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Nevada FID Licenses
CAD11424, CM10504

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Your Management Company Team


Behind the Scenes Team Members

Compliance Inspector

Accounts Receivable Team

Accounts Payable Team

Receptionist & First Phone Contact Collections Team

File Clerks

Mail Room Clerks

Office Manager

Senior Management Team

Senior Community Manager

Director of Operations


Role and Responsibilities of Community Manager

There are specific Nevada statutes regarding what a Community Manager can and can’t do.

General Overview

A Community Manager has earned a Certificate from the State of Nevada, Real Estate Division after completion of the initial educational requirements, passing both a class and State of Nevada exam, and had a fingerprint and background check.

The Community Manager renews the Certificate upon successful completion of continuing educational requirements.

There are additional higher education opportunities available through a national professional organization, Community Associations Institute.

Nevada is one of the most highly regulated states for Common-Interest- Communities.

There is a limited supply of Community Managers in the State of Nevada. There is an even smaller resource pool of high functioning, experienced professional Community Managers.

Nevada now offers a Provisional Manager program to help attract new recruits to the profession.

A Provisional Manager completes an initial, extensive educational program and then works for two years under a Super Community Manager to gain field experience.

A Community Manager is typically an employee of a licensed Management Company.

A Community Manager employed by a management company is typically a “Portfolio Manager” who manages multiple communities. All of the support staff functions mentioned above also service multiple associations. This business model offers economies of scale and helps to keep the management fees reasonable to each association.

A portfolio manager typically manages between 10 and 15 accounts, depending on a combination of factors, such as: Single family or condo – Construction Defect or not – New or old – Number of units – Extent of amenities – Financial Health – Known challenges within the community, etc.

A Portfolio Community Manager Works Every Day With:

  • Board Members
  • Homeowners
  • Vendors
  • Internal Management Company Staff

A Portfolio Community Manager Is:

  • A Focal Point
  • A Multi-Tasker
  • A Priority Setter
  • Part Magician/Juggler

A Portfolio Community Manager Must:

  • Use good judgment to set priorities
  • Remain clear headed and calm to handle simultaneous requests, demands, needs, and wants
  • Have a high work ethic
  • Be both responsive and proactive
  • Have a sense of humor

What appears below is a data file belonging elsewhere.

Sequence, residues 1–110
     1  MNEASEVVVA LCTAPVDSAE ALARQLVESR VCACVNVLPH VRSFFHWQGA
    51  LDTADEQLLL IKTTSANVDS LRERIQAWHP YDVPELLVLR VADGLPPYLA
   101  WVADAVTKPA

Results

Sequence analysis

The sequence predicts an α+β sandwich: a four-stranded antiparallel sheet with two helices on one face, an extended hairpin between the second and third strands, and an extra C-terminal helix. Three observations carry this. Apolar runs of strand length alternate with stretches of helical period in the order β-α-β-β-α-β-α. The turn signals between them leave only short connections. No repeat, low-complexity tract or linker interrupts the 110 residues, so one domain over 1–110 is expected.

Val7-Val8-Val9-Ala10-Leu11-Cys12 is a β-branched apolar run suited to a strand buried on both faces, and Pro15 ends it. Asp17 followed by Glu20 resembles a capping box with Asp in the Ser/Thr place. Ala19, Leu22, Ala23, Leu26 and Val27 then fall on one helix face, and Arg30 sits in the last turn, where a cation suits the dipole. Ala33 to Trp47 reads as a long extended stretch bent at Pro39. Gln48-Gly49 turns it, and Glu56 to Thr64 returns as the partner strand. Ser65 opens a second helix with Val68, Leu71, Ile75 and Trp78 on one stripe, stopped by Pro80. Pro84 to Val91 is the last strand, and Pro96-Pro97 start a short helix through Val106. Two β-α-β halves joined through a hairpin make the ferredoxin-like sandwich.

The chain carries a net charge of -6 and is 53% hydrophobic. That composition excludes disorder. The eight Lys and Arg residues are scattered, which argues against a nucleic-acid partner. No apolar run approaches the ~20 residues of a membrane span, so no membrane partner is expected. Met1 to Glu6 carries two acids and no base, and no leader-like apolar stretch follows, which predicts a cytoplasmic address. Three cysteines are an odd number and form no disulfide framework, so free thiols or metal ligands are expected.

• P.S. Like all professions, most people don’t fully realize what goes on behind the scenes and what it takes to deliver services. Every once in a while write or Email your Community Manager to say “atta boy/atta girl”!

Your Community Manager works with the Board to assure that the needs of the community are being met on every level. Their accounting program provides the Board of Directors with the tools they need to make fiscal decisions for the communities they serve.

You may rest assured that your management company will perform to the best of their ability to protect, preserve and enhance the assets of your community association. The entire staff at your management company is pleased to work with the dedicated and hard working volunteer Board Members — past, present and future. Thank you.


Management’s function in a community association is administrative in nature.

The Board is the principal policy-making body that sets policies, standards, procedures, programs and a budget.

The management function is to carry out these Board decisions.

As your management company, they will assist the Board in implementing these programs.

Their role can be as substantial or limited as each particular community requires.

One of the most important tasks they can perform for your association is their ability to remain neutral and  impartial in implementing and enforcing Board decisions.

The key functions provided are:

  • Enforcement of Rules and Regulations
  • Property Maintenance and Vendor Coordination
  • Communication
  • Financial Management
  • Administration
  • Policy Implementation

There is a management agreement between the Association and your management company which goes into the detail of the scope of services provided.

Here’s one big picture way to look at it:

The association is a non-profit corporation and operates as a business. Instead of having  your own brick and  mortar office from which to operate and hire, train and manage a complete staff, such as receptionist, switchboard, on-call emergency services staff, accounts payable and receivable staff, a general manager, an operational manager, a compliance inspector, a collections person, administrative staff, file clerks, couriers, etc., the Association has hired a Management Company.

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